I'm often asked by some of my younger readers what you need to study in college in order to be an author. This is also often paired with, "Do I even have to go to college?" While you don't need to go in order to be a writer, I absolutely recommend college. It's awesome. You'll find people you didn't know were like you and groups of all interests, ranging from Star Trek LARPers to Young Republicans to Republican LARPers. And although I learned a lot from my classes, it's the experiences that I feel really shaped me into becoming a writer. That, perhaps, is the biggest thing you need to write: LIFE. You need to experience people and places and events. Those are what feed good writing.
My writing is filled with funny scenes and commentary on human quirks, and again--a lot of that ability to observe and appreciate the absurdity in the world came from college. Here are a few of my favorite wackiest experiences from my time at the University of Michigan. (I have three degrees, from three different schools, but if you're from the Midwest and went to a Big Ten school, you understand why U of M is #1 in my heart).
1. Your Casa is My Casa
Most schools have a "Meet every campus organization" fair. That's where you find the LARPers and Republicans. Being the bright-eyed freshman I was, I really wanted to get to learn about all sorts of things. So, my then-boyfriend and I attended a Socialist meeting. It was run by two 40-something guys, telling us all about how in the new world order, life would be better because we'd all have equal possessions and get what we wanted. My boyfriend kept wanting to know what would happen if he wanted ten TVs. The guys couldn't understand why anyone would want ten TVs, and the argument became circular. A couple weeks later, one of the 40-something guys called me and asked if I'd like to get together over coffee to discuss more issues. I was so over Socialism and evasively said I'd have to check my boyfriend's schedule. 40-Something said that it was okay, I didn't need to bring my boyfriend. Something tells me it wasn't because he was trying to avoid another TV discussion.
2. Saved By the Bell
Someone was always trying to convert me when I was at U of M. And by someone, I mean the same person. Only, he didn't know it. There was this Evangelical kid who staked out the Diag (a central green spot that saw a lot of foot traffic) and looked for lost souls to approach. Well, I must have looked more lost than others because over the course of a year, he kept coming up to me and using the same lines on me. "Would you like to talk about going to church?" He'd totally forgotten the last time we talked. To this day, I wonder what it is about me that made me a conversion magnet.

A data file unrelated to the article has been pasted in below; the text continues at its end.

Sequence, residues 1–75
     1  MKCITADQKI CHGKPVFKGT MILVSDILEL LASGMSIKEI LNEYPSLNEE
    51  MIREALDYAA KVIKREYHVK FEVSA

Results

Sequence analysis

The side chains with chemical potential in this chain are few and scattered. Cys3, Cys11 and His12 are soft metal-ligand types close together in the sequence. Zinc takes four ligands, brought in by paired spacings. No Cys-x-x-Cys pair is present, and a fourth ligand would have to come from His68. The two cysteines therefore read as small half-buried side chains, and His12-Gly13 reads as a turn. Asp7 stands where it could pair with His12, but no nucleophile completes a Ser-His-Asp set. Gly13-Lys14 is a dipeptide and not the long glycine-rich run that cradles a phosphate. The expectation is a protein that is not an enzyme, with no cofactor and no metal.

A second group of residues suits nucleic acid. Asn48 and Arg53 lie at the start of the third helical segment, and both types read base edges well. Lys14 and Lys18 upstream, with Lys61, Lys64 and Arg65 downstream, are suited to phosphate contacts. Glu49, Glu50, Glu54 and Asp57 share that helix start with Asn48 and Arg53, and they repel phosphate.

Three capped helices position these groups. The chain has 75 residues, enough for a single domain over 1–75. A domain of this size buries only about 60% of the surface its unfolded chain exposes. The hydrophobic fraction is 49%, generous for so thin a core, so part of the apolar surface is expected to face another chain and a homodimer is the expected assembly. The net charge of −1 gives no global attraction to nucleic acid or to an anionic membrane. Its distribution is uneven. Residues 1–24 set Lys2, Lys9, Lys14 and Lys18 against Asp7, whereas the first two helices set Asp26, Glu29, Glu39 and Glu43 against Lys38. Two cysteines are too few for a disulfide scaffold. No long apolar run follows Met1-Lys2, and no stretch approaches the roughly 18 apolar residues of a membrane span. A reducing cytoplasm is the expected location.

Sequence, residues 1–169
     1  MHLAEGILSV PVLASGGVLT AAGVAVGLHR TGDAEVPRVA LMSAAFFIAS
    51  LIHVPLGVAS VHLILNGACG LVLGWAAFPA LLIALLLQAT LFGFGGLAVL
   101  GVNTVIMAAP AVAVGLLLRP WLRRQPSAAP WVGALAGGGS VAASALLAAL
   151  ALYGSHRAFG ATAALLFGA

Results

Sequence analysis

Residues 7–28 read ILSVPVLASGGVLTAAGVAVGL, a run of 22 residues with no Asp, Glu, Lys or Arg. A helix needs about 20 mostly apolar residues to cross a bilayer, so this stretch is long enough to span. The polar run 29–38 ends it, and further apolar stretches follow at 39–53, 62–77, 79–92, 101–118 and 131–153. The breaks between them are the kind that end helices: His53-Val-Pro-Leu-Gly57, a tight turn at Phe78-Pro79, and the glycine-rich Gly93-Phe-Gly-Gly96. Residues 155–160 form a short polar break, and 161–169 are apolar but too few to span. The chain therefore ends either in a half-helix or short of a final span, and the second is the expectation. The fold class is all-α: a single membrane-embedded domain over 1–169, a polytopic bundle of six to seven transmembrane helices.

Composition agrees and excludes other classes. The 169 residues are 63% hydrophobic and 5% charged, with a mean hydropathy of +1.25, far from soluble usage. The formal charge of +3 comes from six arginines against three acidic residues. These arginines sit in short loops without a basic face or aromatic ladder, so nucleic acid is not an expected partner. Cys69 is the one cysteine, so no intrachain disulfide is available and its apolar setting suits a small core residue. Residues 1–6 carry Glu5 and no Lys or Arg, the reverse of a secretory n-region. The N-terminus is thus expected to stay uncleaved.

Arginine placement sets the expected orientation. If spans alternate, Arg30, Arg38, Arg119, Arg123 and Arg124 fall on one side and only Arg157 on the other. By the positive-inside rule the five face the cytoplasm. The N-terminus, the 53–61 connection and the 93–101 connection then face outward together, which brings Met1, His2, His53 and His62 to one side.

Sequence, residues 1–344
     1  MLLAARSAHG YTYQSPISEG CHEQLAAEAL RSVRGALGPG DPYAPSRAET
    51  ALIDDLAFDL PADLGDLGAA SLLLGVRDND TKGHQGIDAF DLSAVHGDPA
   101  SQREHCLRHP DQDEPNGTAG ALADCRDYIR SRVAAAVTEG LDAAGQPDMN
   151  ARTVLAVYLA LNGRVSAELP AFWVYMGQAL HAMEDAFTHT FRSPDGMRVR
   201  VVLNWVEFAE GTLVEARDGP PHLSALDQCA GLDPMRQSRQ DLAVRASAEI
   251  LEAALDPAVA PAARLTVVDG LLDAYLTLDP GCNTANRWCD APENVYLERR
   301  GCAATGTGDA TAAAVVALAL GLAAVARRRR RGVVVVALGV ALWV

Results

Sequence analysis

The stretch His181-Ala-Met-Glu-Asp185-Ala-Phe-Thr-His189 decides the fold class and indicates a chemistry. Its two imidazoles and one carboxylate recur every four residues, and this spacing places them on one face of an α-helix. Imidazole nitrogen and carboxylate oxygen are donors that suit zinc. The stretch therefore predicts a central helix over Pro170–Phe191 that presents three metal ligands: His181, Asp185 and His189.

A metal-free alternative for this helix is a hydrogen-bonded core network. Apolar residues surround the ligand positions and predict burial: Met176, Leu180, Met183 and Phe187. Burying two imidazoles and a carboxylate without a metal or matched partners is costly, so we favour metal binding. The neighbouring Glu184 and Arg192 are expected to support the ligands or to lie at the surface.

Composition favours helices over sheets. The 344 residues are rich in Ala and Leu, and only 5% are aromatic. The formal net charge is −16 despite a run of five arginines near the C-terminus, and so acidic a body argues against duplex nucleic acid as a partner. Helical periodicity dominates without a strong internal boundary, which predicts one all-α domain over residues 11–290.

3. Any publicity...
The anthropology department recruited students by hanging crappy homemade posters that read: NEED A MAJOR? HOW ABOUT ANTHROPOLOGY!? Weirdly, U of M's anthropology graduate program is one of the best in the country.
4. Now playing...
Pulp Fiction, which is a great movie, came out during my freshman year. It opened at an independent campus theatre, and being in a college town, drew a particularly big crowd. For a really long time. When Pulp Fiction had left other theatres, when it had come to video, it was STILL being shown at this theatre. Why? Because they were still drawing a crowd. We came to accept it as the only movie option. "What do you want to do tonight? Go see Pulp Fiction again?" And we would, and it would be just as awesome as the last time. They eventually had HOME OF PULP FICTION on their marquee. When other movies finally began trickling in, it was like a coming of age story, and I had passed a meaningful phase in my life.
5. Some alumni are more famous than other alumni
James Earl Jones is a U of M alum. And, oh man, do we love that. They used to have him narrate recruitment videos. I will never forget this one video that went on and on, touting the school's fine education. Then, suddenly, it segued to this guy handing a girl a flower on the Diag. The camera pans over to James Earl Jones, who is apparently spying on them. He gives the viewers a sly smile and--remember, this is Darth Vader's voice--says: "But the University of Michigan isn't all about academics. Here, you can develop deep, interpersonal relationships." Sold. Throughout my college days, James was constantly referenced. "Here's the building he took classes in!" There were even petitioners who tried to get him to be the voice of our phone registration system. They had a giant Darth Vader cutout with a word balloon reading, "To add a class, press 1." James is definitely a worthy alum, and you can see others here, everything from notable scientists to, um, reality TV stars. Do you know who is not on that list?
I don't mean to end this on a down note, but I have to close in mentioning my friend Jason, my very first U of M friend. We met at orientation, when neither of us wanted to participate in our group leader's Chaka Khan dance. Once Jason and I discovered a mutual love of the Beatles and Neil Gaiman, we were pals for life. Sadly, Jason passed away very unexpectedly, a few days after the birth of my son. I found out in an offhand Facebook comment and was so sleep-deprived and juiced up on hormones that I couldn't process the news. It sounds weird, but I didn't have the mental energy to handle it, or I would have broken down. I was stretched too thin and had to tuck it away into the back of my mind. Now, months later, I'm slowly able to deal with it, and it's hard. He's a bright spot in all of those memories, one I will never forget.
And that--the people you meet and the real-life stories you experience--are what fill you up and give you the ability to write great things. They are what make you a great person.
Should you go to college? Yes. Yes, you should.